¶ 16 Greenhalgh and Pfaff concede that their interpretation of RCW 72.02.045(3) does not require storage of contraband, but they argue that DOC should not treat previously authorized property the same as other contraband. To support their interpretation of RCW 72.02.045(3), Greenhalgh and Pfaff rely on Blum v. Arizona, 171 Ariz. 201, 829 P.2d 1247 (1992). In Blum, the Arizona Court of Appeals held that disposal of contraband violated former Ariz.Rev.Stat. Ann. § 31–228(A) (1987).5 171 Ariz. at 205, 829 P.2d 1247. The previously authorized contraband in Blum constituted a large portion of the property inmates held in their cells. Blum, 171 Ariz. at 202, 829 P.2d 1247. The Blum court held that former Ariz.Rev.Stat. Ann. § 31–228(A) was clear in its intent that all property, authorized and unauthorized, was to be stored and returned to the inmate upon release. 171 Ariz. at 207.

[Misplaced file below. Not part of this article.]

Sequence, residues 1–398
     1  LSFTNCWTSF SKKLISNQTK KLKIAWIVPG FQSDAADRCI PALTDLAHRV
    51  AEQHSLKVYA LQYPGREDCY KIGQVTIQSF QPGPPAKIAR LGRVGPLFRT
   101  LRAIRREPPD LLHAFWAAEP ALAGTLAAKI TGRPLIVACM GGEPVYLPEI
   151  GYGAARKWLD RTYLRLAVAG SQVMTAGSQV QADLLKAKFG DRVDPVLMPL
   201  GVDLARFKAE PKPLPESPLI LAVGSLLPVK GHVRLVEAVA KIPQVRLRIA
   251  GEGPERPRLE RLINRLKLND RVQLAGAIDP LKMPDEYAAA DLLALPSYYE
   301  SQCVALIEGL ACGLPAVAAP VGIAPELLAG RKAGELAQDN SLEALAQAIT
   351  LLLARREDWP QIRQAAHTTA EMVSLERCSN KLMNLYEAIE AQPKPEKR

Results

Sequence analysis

¶ 17 Greenhalgh and Pfaff argue that the Arizona statute in Blum is identical to RCW 72.02.045(3). We disagree.